What is PECS®?

Developed by Andy Bondy, PhD & Lori Frost, MS, CCC-SLP

PECS is a unique alternative/augmentative communication system developed in the USA in 1985 by Andy Bondy, PhD, and Lori Frost, MS, CCC-SLP. PECS was first implemented with pre-school students diagnosed with autism at the Delaware Autism Program. Since then, PECS has successfully been implemented worldwide with thousands of learners of all ages who have various cognitive, physical and communication challenges.

The PECS teaching protocol is based on B.F. Skinner’s book, Verbal Behavior, and broad spectrum applied behavior analysis. Specific prompting and reinforcement strategies that will lead to independent communication are used throughout the protocol. The protocol also includes systematic error correction procedures to promote learning if an error occurs. Verbal prompts are not used, thus building immediate initiation and avoiding prompt dependency.

PECS consists of six phases and begins by teaching an individual to give a single picture of a desired item or action to a “communicative partner” who immediately honors the exchange as a request. The system goes on to teach discrimination of pictures and how to put them together in sentences. In the more advanced phases, individuals are taught to use modifiers, answer questions and comment.

The primary goal of PECS is to teach functional communication. Research has shown that some learners using PECS also develop speech. Others may transition to a speech generating device (SGD). The body of research supporting the effectiveness of PECS as an evidence-based practice is substantial and continues to expand, with more than 150 research articles from all over the world.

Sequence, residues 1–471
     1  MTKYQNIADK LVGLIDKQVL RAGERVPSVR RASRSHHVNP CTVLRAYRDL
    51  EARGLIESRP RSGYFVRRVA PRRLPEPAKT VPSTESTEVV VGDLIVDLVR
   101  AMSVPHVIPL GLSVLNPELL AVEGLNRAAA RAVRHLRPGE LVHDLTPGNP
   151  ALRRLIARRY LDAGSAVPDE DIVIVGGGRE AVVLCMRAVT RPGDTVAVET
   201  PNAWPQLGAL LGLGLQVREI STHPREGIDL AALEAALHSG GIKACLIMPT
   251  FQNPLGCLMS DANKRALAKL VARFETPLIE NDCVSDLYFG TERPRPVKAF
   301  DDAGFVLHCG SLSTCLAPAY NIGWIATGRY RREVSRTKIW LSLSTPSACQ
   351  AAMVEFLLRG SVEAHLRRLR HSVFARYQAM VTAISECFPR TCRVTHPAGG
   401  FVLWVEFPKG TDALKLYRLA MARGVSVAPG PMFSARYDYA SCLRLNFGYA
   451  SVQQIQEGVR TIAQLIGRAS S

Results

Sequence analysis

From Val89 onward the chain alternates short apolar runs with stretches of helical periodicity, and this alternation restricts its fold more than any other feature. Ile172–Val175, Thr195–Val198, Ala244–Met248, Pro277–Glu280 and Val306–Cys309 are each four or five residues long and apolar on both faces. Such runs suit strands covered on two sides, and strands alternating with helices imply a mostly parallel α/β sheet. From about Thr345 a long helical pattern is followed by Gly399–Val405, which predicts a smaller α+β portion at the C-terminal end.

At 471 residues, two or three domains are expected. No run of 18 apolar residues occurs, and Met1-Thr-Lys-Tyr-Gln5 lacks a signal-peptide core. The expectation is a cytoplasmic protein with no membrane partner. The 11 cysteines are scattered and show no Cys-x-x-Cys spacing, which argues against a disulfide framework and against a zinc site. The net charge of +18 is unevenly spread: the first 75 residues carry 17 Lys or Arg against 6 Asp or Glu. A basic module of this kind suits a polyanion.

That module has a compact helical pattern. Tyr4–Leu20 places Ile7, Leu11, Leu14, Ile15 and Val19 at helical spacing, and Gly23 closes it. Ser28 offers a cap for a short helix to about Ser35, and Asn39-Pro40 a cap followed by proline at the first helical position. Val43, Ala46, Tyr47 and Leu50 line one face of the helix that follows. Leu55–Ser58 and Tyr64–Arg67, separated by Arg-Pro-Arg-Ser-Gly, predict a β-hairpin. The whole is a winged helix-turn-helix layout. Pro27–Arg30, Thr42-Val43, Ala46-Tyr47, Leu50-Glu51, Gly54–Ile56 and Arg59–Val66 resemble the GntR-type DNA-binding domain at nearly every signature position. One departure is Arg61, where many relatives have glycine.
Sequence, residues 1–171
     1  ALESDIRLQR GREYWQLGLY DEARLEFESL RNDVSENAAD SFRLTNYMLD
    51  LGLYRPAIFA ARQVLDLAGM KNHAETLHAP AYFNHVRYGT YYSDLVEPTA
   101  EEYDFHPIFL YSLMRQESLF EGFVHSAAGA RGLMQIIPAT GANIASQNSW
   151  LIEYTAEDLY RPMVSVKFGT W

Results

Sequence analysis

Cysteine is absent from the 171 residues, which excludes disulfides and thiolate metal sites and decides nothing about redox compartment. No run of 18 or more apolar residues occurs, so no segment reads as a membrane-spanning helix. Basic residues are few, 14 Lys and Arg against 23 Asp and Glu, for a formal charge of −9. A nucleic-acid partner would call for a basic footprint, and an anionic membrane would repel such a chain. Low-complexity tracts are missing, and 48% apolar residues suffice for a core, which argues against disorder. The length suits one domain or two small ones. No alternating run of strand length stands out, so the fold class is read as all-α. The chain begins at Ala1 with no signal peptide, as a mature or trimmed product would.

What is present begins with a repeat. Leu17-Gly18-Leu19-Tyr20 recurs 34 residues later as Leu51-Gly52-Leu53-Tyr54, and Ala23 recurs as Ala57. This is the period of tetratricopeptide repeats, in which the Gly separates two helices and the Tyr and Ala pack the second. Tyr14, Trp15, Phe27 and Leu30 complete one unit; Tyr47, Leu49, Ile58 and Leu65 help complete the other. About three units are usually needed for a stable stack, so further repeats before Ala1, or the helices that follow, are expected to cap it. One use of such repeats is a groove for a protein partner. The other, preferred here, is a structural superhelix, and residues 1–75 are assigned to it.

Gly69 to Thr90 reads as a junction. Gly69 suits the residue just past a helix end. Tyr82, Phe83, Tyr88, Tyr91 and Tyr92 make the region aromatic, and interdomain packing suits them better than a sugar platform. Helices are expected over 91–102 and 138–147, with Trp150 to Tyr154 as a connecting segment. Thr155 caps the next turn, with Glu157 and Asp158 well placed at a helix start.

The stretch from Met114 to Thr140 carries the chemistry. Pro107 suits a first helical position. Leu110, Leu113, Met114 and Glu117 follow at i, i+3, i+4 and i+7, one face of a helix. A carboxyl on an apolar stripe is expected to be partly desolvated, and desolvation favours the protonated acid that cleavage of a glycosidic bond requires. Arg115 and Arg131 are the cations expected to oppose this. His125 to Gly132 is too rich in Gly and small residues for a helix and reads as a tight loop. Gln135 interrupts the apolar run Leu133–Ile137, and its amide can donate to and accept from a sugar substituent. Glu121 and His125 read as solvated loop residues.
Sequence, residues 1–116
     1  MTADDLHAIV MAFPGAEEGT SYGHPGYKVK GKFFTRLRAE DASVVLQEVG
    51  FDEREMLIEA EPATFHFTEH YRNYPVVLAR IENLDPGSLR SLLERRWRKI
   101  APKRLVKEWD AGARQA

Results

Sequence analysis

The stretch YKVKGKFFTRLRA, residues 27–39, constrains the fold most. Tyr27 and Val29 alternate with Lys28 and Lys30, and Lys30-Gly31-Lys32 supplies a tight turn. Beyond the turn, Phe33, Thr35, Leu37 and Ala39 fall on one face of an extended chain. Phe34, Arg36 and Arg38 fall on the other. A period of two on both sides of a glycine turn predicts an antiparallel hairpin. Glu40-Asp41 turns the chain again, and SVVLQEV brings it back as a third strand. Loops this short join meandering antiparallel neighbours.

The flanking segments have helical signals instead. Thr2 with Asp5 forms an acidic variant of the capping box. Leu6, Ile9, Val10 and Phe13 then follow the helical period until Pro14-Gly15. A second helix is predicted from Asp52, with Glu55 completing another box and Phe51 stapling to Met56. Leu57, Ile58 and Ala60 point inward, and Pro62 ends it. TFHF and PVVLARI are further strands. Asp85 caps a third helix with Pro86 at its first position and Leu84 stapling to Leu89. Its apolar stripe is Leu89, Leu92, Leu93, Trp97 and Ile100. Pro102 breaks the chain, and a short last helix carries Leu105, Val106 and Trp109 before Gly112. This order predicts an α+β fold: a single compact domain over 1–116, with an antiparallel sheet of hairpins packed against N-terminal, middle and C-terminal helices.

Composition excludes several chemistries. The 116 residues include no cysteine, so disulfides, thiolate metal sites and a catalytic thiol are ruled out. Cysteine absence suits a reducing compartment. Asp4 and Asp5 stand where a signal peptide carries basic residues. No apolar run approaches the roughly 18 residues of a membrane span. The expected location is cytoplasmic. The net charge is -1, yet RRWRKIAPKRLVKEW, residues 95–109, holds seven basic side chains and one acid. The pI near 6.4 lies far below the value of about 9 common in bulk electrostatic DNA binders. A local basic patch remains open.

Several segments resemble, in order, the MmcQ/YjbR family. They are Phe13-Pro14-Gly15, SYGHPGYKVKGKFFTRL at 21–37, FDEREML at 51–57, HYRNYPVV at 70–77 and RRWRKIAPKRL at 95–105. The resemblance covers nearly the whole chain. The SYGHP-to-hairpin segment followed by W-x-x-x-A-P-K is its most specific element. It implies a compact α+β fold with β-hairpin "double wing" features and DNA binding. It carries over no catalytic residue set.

The Six Phases of PECS®


How to Communicate
Individuals learn to exchange single pictures for items or activities they really want.


Distance and Persistence
Still using single pictures, individuals learn to generalize this new skill by using it in different places, with different people and across distances. They are also taught to be more persistent communicators.


Picture Discrimination
Individuals learn to select from two or more pictures to ask for their favorite things. These are placed in a PECS Communication Book—a ringed binder with self-adhesive hook fastener strips where pictures are stored and easily removed for communication.


Sentence Structure
Individuals learn to construct simple sentences on a detachable Sentence Strip using an “I want” picture followed by a picture of the item being requested.

Attributes & Language Expansion

Individuals learn to expand their sentences by adding adjectives, verbs and prepositions.


Responsive Requesting
Individuals learn to use PECS to answer questions such as “What do you want?”


Individuals are taught to comment in response to questions such as, “What do you see?”, “What do you hear?” and “What is it?” They learn to make up sentences starting with “I see”, “I hear”, “I feel”, “It is a”, etc.
Since the development of PECS, it has been implemented with individuals with the following diagnoses:
  • 15q Deletion Syndrome
  • 16p11.2 Deletion Syndrome
  • 18q Deletion Syndrome
  • Agenesis of the Corpus Collosum
  • Aicardi Syndrome
  • Alzheimer’s Disease
  • Angelman Syndrome
  • Apert Syndrome
  • Aphasia
  • apraxia/dyspraxia
  • Asperger Syndrome
  • autism
  • brain anomaly
  • brain tumor
  • cerebral palsy (CP)
  • CHARGE Syndrome
  • cleft lip and/or palate
  • cochlear implant
  • Cornelia de Lange Syndrome (CdLS)
  • Cri du Chat Syndrome
  • Cytomegalovirus (CMV)
  • Dandy-Walker Syndrome
  • deaf/hearing impaired
  • developmental delay
  • DiGeorge Syndrome (velo cardio facial syndrome/22q11.2 deletion)
  • Down syndrome
  • Dubowitz Syndrome
  • English as a 2nd language (ESL)
  • Fetal Alcohol Syndrome
  • Fragile X Syndrome
  • Isodicentric 15/idic 15
  • Kabuki Syndrome
  • KCNT1 epilepsy
  • microcephaly
  • Neurofibromatosis
  • Noonan Syndrome
  • Noonan Syndrome
  • Opitz Syndrome
  • Partial Trisomy, 4P
  • Phelan-McDermid (22q13 Deletion) Syndrome
  • Rett Syndrome
  • seizure disorder/epilepsy
  • Selective Mutism
  • Septo-optic dysplasia
  • speech/language delay
  • Tourette Syndrome
  • traumatic/acquired brain injury
  • Treacher-Collins Syndrome
  • Tuberous Sclerosis Complex (TSC)
  • Turner Syndrome
  • unilateral polymicrogyria
  • Van Lohuizen Syndrome
  • Williams Syndrome
  • Wolf Hirschorn Syndrome

Find out if an individual is a good candidate for PECS!
View Flow Chart

The most effective way to learn how to implement PECS is by attending PECS Training.
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